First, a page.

It’s time for Republicans to stop mewing like sick kittens and get on with ejecting President Obama from the White House. Like Victorian mothers fussing over their daughters, pundits on the right can’t stop nattering over frontrunner Mitt Romney’s flaws. He has not yet won over a clear-cut majority of GOP voters, he will preside over a divided party, his unfavorables are too high, he’s gaffe-prone, he carries some baggage – most notably Romneycare.
These are concerns that, in many cases, also dogged Ronald Reagan during primary season in 1980. Mr. Reagan, too, was expected to lose; he, too, was under attack from different factions in the Republican Party, he polled at a disadvantage to the incumbent, he made some unfortunate ethnic jokes, he was pilloried for his record as a tax-raiser.
It didn’t matter. Once nominated, Reagan went after President Carter, who was vulnerable. This year, Mitt Romney (the most likely nominee) will go after President Obama, who is also vulnerable. A candidate whose campaign theme is, “I can’t get anything done!” and who continues to blame his predecessor for every misfortune doesn’t have much to sell.
How should the GOP campaign unfold? Mr. Romney’s overarching theme should be the basic difference between the left and the right: Democrats want to control or influence an ever-larger slice of our nation’s commerce. They want to oversee, for instance, the insurance companies, drug producers, hospitals, banks, coal miners, oil producers, pipeline operators and auto suppliers. By way of ramped-up regulation, subsidies and energized litigators, they seek to impose their priorities on businesses large and small – their rapture over green energy, their deference to organized labor, their indifference to profits.
Mr. Romney’s retort: the government is not good at commerce. If bureaucrats could run the economy, the Soviet Union would have survived. This is a winning message. Polling done by the Gallup organization last fall revealed that 64 percent of Americans consider “Big Government” the greatest threat to the country -- much more than big business or big labor. Skepticism over the role of the federal government is profound; Americans estimate that 51 cents of every dollar spent by the government is wasted. Perhaps even more surprising is a poll also conducted last fall that showed Americans twice as ready to blame the federal government than Wall Street for our economic woes. Imagine -- after the biggest financial crash in decades.
These are startling positions, and excellent fodder for Republicans. Romney will have at his disposal several examples of federal foolishness ready-made for a campaign. He can start with energy. The disappointing but heavily subsidized Chevy Volt is the kind of symbol campaigns beg for; the failed Solyndra is another. The Obama administration’s commitment to alternative energy at any cost – a pursuit that will inevitably drive up costs for companies and individuals – can be exploited. If, in November, gasoline prices are still higher than normal, the public will be open to charges that Mr. Obama’s energy policy is responsible.
Even if gasoline prices revert to more normal levels, Republicans can bang away on the foolhardy Keystone decision, the early-term slowdown in the leasing of federal lands, the EPA’s steroidal mandates for power companies. With U.S. energy reserves soaring, Americans will not buy the notion that fossil fuels have no future – nor should they.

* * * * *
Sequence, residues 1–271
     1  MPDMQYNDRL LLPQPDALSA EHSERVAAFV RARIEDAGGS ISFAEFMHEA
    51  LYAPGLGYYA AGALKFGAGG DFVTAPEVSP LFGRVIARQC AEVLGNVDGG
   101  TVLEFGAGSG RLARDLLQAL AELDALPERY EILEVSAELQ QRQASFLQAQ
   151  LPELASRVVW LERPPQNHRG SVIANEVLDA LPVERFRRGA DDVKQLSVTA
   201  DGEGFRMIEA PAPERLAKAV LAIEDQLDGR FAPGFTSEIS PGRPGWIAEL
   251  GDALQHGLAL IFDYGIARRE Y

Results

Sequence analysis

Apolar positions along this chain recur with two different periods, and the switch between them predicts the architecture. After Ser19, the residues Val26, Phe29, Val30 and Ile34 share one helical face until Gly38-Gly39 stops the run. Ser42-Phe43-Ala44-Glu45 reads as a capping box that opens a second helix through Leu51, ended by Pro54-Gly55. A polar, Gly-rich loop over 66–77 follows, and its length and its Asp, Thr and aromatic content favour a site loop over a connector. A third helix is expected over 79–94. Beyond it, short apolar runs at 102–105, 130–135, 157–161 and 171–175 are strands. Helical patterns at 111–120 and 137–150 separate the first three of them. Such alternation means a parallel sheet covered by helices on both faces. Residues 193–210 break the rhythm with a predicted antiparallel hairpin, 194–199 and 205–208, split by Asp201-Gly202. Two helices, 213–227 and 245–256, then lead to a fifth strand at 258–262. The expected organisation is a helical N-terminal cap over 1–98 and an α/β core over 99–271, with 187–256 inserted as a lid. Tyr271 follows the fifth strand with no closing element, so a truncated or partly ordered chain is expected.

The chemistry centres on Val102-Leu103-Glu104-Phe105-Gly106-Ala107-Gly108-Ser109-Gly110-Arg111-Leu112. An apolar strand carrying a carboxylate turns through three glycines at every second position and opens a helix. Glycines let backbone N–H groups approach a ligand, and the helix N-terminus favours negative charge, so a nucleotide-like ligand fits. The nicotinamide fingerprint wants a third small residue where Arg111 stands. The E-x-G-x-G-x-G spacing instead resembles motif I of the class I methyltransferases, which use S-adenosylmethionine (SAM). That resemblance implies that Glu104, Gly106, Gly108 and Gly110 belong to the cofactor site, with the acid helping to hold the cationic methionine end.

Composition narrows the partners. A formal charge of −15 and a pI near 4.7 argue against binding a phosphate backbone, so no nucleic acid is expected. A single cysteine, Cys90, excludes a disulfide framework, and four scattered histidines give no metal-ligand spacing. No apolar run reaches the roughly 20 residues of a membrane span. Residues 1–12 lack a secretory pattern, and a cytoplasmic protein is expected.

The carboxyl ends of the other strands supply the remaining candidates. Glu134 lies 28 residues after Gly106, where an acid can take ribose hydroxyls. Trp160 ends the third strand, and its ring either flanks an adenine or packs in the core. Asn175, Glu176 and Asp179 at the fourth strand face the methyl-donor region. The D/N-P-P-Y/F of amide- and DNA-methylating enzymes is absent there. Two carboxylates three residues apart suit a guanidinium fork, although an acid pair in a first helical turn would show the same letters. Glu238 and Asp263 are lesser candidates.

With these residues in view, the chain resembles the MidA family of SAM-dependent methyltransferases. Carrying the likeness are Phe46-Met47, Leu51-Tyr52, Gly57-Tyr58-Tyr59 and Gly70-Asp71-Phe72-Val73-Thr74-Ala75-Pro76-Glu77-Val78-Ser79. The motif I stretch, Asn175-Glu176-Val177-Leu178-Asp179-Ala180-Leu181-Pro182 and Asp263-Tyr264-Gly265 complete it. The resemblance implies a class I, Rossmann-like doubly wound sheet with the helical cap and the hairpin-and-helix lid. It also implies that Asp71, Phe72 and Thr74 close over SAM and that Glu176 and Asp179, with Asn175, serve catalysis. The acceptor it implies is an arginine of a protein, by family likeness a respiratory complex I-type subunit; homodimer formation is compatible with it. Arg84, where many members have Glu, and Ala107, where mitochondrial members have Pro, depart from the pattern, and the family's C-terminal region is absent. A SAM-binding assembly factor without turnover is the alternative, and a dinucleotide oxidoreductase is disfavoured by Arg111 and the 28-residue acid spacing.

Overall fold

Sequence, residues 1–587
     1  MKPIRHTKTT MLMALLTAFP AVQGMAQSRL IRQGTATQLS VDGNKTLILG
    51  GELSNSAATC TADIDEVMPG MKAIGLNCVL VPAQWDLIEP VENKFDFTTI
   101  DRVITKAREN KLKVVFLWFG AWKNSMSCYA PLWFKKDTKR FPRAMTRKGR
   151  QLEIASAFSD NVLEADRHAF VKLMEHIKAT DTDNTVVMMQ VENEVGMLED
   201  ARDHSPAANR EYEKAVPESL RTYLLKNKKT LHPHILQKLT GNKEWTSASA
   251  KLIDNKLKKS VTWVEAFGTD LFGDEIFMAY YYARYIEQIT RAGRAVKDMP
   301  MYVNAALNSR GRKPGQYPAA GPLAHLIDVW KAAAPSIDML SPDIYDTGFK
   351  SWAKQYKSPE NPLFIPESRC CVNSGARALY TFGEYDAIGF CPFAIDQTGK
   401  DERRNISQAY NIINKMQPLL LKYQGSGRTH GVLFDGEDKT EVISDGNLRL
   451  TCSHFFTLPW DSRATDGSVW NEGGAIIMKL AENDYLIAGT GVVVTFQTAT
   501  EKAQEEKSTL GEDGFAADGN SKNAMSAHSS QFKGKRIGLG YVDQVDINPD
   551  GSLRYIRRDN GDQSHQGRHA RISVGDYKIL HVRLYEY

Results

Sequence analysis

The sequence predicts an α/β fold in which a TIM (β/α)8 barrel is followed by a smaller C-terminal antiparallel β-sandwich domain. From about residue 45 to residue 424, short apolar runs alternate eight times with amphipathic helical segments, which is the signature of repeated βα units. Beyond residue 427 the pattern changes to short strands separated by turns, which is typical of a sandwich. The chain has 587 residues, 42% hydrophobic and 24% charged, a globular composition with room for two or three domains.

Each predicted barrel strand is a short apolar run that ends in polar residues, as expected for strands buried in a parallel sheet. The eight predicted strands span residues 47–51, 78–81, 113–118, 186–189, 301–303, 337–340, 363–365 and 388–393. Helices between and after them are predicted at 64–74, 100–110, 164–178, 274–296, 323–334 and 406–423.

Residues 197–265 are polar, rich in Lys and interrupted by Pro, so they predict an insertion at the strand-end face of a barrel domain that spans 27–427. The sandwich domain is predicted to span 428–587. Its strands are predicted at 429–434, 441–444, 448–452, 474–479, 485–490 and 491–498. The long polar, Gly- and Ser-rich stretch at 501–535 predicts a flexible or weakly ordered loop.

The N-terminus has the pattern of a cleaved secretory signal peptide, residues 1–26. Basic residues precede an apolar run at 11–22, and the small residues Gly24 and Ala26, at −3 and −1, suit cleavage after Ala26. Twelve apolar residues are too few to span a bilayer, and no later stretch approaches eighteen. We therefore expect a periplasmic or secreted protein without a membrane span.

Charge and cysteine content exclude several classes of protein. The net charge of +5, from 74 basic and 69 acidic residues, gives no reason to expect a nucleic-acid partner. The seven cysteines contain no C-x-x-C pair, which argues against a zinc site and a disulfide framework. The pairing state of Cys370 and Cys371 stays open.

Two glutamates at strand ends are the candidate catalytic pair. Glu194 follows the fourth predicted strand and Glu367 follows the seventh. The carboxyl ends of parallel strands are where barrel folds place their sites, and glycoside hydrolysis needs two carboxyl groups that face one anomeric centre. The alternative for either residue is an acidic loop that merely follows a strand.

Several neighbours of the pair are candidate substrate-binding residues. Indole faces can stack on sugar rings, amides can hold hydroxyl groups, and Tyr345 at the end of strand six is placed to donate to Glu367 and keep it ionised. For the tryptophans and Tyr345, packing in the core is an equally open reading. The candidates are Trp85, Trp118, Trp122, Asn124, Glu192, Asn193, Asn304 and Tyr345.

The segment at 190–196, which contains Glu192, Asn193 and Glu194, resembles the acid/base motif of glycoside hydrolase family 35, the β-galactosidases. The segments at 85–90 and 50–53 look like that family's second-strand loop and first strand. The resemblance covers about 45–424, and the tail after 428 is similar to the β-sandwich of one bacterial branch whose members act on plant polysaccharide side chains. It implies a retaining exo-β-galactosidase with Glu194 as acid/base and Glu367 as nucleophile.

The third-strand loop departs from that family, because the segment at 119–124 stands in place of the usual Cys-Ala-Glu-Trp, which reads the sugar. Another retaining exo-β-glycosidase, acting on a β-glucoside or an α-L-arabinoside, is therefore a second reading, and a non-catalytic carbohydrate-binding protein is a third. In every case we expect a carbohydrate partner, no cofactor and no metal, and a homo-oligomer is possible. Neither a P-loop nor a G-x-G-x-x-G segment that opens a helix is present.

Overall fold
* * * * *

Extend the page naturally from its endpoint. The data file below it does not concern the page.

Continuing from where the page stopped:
Another weapon at Mr. Romney’s disposal will be Obamacare. A firm majority of the country (53 percent in a Rasmussen poll) continues to support repeal of the controversial bill. As much as Americans dislike the federal government’s interference in the workplace, they especially don’t like Uncle Sam reaching into their homes. As those on the left have pointed out, this is inconsistent with the rising number of Americans who receive services from the government, and most especially Medicare.
Still, many object to the notion that an independent advisory group appointed by the White House will have considerable sway over future Medicare reimbursement rates. Most important, while the bill was sold as a way of reining in the growth in healthcare expenditures, it is clear the law will have no such impact. Otherwise, why are we still arguing over plans to reform Medicare?
Romney has already laid out a reasonable defense of the bill he adopted while Governor of Massachusetts. He portrays Obamacare as an attempt to conclude a “government takeover of health care,” while his program was focused on helping people obtain health insurance. He has noted that his health care bill raised no new taxes and cut nothing from seniors’ benefits; Obamacare does both. As we race closer to the huge tax increases Obamacare will levy in 2013 and 2014, this is a powerful distinction.
Meanwhile, the jobs picture has improved, but only from tragic levels. The rate of hiring is way below normal for a recovery; the GOP can reasonably criticize President Obama for having abandoned the job push too early, focusing instead on healthcare. They can also point to our soaring national debt – borrowings that now preclude us from undertaking the kind of infrastructure spending that most Americans would welcome and that might provide jobs.
President Obama has been campaigning like a demon, only to see his approval ratings sink in inverse relation to gasoline prices. Perhaps this is the most startling realization for the GOP; Mr. Obama turns out not to be the incandescent orator people thought him to be. Those Victorian mothers should calm down; Romney can win this race.